00:00 / 00:00
11 February 2016
Photo: David Wright
We revisit the theme of heritage this week and explore why we should learn to cherish the history of our cities, from the importance of conservation in one of the world’s oldest medinas in Tunis to a tour of Vienna’s less-charming listed buildings. Plus: is the terraced house in Britain still a cultural icon?
11 February 2016
Photo: Shiny Things
The familiar pattern of a street in Britain lined up with terraced houses has helped create a strong sense of neighbourhood and community through the years. But as new developments and high-rises take over, is the terraced house still seen as a cultural icon?
Share chapter 1
Photo: Michele Benericetti
The sprawling medina of Tunis is one of the best-preserved of its kind in the world but that doesn’t mean this ancient residential and commercial quarter is free of challenges. We find out what it means to take care of one of the most important towns in Islamic history – and the people who live and work there today.
Share chapter 2
Photo: Dennis Jarvis
Vienna has an image of being a conservative city with architecture that is just like a chocolate cake. But this image does not tell the whole story according to Eugene Quinn, who has taken it upon himself to show a different side of the city’s built heritage. We sign up to one of his Vienna Ugly tours.
Share chapter 3
Want more radio episodes like these in your inbox?
Sign up to Monocle's email newsletters to stay on top of news and opinion, plus the latest from the magazine, radio, film and shop.
The Urbanist - latest episodes
Konstantin Melnikov’s most significant building was the house he built for himself in 1929. It remained in the Melnikov family for decades until, in 2014 after much legal wrangling, it was taken over by the Moscow Museum…
We continue to explore the pages of ‘The Monocle Guide to Building Better Cities’. This week we’re off to the Catalonian capital to hear how the city has changed through the years and what lessons it has learned for the…
After being a ghost town for decades, Rowley in central Alberta has been reinvented. With old Western-style buildings still intact, it has become a quirky spot in the middle of the Canadian prairies and an open-air museum…
All this month we’re dedicating the show to chapters from our new book: ‘The Monocle Guide to Building Better Cities’. We start off with a series of essays that look at some of the challenges our urban areas face and how…
Peckham Rye has long been a source of inspiration to artists and writers; in this week’s Tall Stories we explore the history and atmosphere of the London park where William Blake once saw angels and to which Muriel Spark…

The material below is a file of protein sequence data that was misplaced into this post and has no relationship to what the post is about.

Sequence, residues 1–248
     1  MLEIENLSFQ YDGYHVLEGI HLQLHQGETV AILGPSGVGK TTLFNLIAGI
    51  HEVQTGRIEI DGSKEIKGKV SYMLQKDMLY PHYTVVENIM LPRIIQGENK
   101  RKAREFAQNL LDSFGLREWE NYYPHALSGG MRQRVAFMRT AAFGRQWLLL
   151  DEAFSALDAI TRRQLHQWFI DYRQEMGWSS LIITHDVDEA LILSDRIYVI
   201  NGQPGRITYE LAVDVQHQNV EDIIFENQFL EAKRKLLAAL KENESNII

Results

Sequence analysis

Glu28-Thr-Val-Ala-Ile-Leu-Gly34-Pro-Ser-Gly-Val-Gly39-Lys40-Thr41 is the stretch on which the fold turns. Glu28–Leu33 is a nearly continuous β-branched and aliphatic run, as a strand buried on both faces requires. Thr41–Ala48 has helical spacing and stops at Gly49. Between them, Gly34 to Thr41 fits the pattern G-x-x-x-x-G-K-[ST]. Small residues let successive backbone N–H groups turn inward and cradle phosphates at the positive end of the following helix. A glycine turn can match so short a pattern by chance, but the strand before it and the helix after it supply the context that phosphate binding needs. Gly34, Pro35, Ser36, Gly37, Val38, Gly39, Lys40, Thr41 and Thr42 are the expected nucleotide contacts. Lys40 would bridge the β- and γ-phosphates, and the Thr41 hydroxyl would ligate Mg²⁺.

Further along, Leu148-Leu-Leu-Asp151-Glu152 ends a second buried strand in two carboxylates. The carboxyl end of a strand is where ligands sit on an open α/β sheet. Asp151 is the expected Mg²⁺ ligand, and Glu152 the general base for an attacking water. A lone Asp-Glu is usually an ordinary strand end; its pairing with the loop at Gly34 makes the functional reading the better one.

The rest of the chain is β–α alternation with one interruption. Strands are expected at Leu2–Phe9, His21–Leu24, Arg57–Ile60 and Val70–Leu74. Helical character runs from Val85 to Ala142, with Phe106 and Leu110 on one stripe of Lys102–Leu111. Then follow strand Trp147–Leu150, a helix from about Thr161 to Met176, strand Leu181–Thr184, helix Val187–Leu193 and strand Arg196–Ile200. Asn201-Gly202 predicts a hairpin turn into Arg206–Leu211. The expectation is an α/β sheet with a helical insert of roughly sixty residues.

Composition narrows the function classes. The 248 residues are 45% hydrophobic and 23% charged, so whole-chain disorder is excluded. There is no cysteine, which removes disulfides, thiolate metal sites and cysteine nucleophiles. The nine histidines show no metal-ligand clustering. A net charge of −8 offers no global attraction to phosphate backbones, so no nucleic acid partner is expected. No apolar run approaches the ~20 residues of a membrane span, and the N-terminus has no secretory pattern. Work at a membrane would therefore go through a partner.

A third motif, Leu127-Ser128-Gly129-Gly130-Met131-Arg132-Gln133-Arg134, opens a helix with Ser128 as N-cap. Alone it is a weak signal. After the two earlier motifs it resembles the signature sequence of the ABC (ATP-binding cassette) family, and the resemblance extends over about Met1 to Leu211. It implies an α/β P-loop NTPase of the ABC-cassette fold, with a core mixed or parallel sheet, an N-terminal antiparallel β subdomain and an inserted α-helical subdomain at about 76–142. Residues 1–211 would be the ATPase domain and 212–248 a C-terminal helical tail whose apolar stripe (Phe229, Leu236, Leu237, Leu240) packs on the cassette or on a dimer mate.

There is something magical about finding an old photo of a familiar place and seeing how much it has changed. It is a powerful reminder of the life that unfolded on the streets long before you arrived.
Monocle’s Toronto bureau chief shows us around The Bentway, a newly opened public area for the city under the Gardiner Expressway.
We tour a new exhibition shining a light on Jerusalem, meet the architecture duo building libraries to bring the community together and ask: if everyone else was giving up their data, would you do it too?
Monocle editor Andrew Tuck takes us on a stroll through London’s Hyde Park to visit a structure floating in the Serpentine: the Mastaba.
We profile two new books: Alexandra Langue’s ‘The Design of Childhood’ and Kelvin Campbell’s ‘Making Massive Small Change’.
Far away from the splendours of Vienna’s historic city centre lies a stupendous piece of architecture. It’s all concrete and glass, and it would be a perfect example of brutalist architecture were it not more of a sculpture…
Our thoughts on what should be private or off-limits are changing in every aspect of our lives, including the way we inhabit cities.
Monocle’s Ed Stocker takes us to the Williamsburg waterfront in New York, where a new space has just opened to the public.
What role does the humble public library play in cities today? Join us as we hear about the impromptu libraries popping up in private houses, reminisce about the bookmobile, discover how one library has employed a team of…
These white elephants are blamed for destroying communities around the world but Monocle’s Fernando Augusto Pacheco suggests that we look at them differently.